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Here’s my bag o’ scraps. I keep one trash can in my sewing room for “fabric trash.” I almost have enough already for another cushion!!!

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Step 8: Once your cushion is full, hand-stitch the opening shut with buttonhole or topstitching thread. Basically, a stronger thread will be more likely to hold up over time. You can also try doubling up machine thread, but make your stitches smaller so that your seam is extra strong.

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Voila! Beautiful cushion!!!

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Ruby Dress Yoke Lining Video Tutorials

I promised I’d show you how to line the yoke on the Ruby Dress and Top, so I made you guys another handy dandy series of video tutorials to guide you in the process (the Washi Dress also has a video series on lining the bodice that you can view right here).

I’d probably recommend if you’re new to sewing that you try the pattern the way it is first, before attempting this method. But honestly even if you’re an ambitious beginner you shouldn’t have much trouble with it. The only issue I really see here is that the dress is MUCH easier to alter, fit-wise, if you sew it together the way the instructions show. So it’s smarter to have made at least a test version or muslin first before going this route.

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READ THIS before you watch:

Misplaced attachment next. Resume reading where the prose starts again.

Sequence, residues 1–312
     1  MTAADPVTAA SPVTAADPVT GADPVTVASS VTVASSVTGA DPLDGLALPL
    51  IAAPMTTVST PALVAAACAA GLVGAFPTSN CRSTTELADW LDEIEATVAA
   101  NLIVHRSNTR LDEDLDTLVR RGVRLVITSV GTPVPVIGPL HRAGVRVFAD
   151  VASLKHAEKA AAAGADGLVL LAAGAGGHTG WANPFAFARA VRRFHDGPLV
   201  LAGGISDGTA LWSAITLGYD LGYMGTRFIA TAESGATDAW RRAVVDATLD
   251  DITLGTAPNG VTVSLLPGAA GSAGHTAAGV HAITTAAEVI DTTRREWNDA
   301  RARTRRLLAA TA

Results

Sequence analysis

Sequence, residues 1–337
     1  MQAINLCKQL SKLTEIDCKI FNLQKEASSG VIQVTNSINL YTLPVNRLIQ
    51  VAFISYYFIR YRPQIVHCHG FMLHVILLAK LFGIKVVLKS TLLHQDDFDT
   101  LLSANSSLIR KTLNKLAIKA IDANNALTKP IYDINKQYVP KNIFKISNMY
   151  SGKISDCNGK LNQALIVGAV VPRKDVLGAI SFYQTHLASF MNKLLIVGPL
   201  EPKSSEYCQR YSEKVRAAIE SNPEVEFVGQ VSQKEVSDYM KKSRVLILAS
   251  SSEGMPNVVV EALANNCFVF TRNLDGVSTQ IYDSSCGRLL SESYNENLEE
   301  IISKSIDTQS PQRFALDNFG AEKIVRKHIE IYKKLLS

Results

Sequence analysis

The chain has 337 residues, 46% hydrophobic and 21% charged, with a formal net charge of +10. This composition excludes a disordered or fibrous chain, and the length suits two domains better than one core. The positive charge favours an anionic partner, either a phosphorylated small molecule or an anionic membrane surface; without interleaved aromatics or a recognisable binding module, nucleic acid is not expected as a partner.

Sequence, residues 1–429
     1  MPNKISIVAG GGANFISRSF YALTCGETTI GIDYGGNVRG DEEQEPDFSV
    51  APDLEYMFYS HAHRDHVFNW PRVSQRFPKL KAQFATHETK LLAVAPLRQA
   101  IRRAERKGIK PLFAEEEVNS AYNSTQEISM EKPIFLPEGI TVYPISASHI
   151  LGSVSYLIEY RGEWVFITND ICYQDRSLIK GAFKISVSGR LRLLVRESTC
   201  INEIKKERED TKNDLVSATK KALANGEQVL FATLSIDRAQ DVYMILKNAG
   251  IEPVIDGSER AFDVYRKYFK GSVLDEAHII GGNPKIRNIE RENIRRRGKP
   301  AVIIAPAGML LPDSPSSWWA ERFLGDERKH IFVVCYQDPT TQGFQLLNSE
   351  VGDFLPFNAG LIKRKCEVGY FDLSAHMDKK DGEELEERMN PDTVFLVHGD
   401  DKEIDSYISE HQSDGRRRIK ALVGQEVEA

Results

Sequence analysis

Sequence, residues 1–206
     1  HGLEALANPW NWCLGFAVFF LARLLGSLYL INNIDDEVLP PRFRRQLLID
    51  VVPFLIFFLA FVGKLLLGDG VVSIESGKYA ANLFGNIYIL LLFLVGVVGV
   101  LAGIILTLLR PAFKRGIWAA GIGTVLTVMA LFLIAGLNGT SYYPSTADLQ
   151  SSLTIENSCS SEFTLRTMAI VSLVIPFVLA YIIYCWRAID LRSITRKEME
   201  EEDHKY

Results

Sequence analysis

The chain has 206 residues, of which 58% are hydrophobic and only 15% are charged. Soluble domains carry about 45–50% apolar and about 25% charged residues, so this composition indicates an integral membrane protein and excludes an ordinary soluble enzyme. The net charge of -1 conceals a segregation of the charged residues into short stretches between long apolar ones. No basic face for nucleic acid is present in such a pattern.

One thing that is not mentioned in the video but is pretty important: I really recommend that you add an extra 1/4″ to the neck and armhole edges of the yoke pieces (all of them) when you cut them out to allow for the seam allowance needed with this technique. It’s not shown in the video (and actually, it was one of those things I realized *as* I was making the video, ahem, which resulted in a finished dress that’s an eensy bit too tight), but it’s a good idea so go ahead and do that, OK?

What about a full lining?
I show how to bind the lower part of the armhole with bias tape here, but you could just as easily line the lower part of the dress as well and make it fully lined. To do this, cut an extra front/back dress (I’d cut them 1″ shorter for the linings so they won’t show at all at the bottom), add 1/4″ extra seam allowance at all of the the armhole curves, sew the side seams separately for dress and lining, then sew dress and lining together along the armhole curves with right sides facing. Then clip and turn right side out; you’ll get a very nice armhole finish and then you can gather it and attach it to the (lined) yoke. Fully lined Ruby? Hot-cha-cha!! You are on FI. YAH.

OK! Ready to watch? Here you go!